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CMBS Delinquency Rate Stopped Falling in March

The improvement in the CBMS market faced a small roadblock in March, as the delinquency rate for CMBS loans stopped falling after four consecutive months of decreases. Research firm Trepp LLC reports that the overall delinquency rate remained on par with February, at 5.58 percent, while increasing for industrial, multifamily and retail properties.

Trepp researchers noted that $1.1 billion in loans entered delinquency in March, which was what prevented the delinquency rate from falling further. Some of the newly delinquent loans included loans on the 390 Park Avenue office building in New York City, the Vista Ridge Mall in Lewisville, Texas and the Collin Creek Mall in Plano, Texas.

The delinquency rate for industrial properties rose 29 basis points month-over-month, to 7.68 percent, according to Trepp. The delinquency rate for retail properties went up 13 basis points, to 5.51 percent, and the delinquency rate for multifamily assets spiked 8 basis points, to 8.73 percent.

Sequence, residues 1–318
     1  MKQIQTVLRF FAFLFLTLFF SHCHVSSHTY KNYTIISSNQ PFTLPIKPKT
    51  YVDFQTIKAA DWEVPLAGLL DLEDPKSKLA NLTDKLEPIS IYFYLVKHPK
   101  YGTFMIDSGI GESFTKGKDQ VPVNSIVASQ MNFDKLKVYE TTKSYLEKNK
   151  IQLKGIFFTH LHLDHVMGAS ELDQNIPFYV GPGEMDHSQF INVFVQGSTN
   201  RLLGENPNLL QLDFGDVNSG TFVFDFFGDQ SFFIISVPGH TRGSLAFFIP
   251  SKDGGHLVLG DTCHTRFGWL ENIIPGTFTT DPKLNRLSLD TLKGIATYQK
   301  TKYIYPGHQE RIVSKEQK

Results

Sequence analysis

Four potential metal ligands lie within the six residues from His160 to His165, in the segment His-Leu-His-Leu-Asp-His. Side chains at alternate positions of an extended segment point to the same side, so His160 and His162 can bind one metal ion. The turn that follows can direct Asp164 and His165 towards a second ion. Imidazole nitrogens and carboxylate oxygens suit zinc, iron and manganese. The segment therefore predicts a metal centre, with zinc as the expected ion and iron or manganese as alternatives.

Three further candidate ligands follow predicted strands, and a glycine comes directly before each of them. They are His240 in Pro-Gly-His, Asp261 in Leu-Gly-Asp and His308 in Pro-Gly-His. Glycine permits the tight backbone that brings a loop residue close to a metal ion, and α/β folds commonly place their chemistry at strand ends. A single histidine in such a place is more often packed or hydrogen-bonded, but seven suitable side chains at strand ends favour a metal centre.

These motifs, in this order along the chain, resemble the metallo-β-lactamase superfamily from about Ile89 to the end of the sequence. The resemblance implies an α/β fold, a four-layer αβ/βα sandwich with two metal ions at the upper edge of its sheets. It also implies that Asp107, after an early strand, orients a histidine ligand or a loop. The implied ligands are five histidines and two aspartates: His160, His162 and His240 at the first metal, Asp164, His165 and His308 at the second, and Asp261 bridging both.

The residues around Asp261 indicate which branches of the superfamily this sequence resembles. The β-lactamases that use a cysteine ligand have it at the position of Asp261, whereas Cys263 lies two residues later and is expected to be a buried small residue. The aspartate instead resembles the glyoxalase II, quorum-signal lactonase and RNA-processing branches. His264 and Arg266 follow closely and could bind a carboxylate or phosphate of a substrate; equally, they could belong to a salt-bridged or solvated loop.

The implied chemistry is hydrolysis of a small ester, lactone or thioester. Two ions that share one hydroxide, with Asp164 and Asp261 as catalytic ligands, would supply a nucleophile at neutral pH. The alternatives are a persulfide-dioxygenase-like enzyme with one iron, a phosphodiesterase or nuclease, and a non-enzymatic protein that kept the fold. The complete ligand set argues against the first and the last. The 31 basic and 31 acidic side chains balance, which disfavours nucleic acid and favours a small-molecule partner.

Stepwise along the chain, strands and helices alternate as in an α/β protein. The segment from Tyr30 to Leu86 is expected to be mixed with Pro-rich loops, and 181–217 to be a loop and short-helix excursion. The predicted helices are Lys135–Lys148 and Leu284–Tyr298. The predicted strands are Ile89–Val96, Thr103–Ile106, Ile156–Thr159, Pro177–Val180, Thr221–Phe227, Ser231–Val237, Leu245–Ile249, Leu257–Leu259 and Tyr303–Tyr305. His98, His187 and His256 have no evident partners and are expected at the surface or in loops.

Hotel and office sectors, on the other hand, experienced an improvement in CMBS delinquencies. The delinquency rate fell 31 basis points for hotels, to 4.20 percent, and 8 basis points for office buildings, to 6.06 percent.

Is there enough issuance?

Meanwhile, another $10 billion in CMBS loans got issued in March, bringing the year’s total to $26.9 billion, according to Commercial Mortgage Alert, an industry newsletter. During the same period last year, the market saw $20.3 billion in new issuance.

However, even though the volume of issuance is ticking up, the increase may not be sizeable enough to provide refinancing options for all the CMBS loans due to mature this year, notes Rich Walter, senior managing director and head of Bank Assetpoint, which specializes in buying and selling bank assets, including loans, loan participations and bank-owned real properties.

“I am not sure CMBS maturities are not going to be a problem,” notes Walter. He expects that refinancing challenges may become more apparent by the end of this year, when banks and mezzanine lenders may step in to cover the shortfalls.

Last year, Dr. Peter Linneman, global chief economist with commercial brokerage network NAI, warned in a research paper that even if there will be $120 billion in new CMBS loans issued annually from 2015 through 2017, that may still leave the industry with a $240 billion refinancing shortfall.

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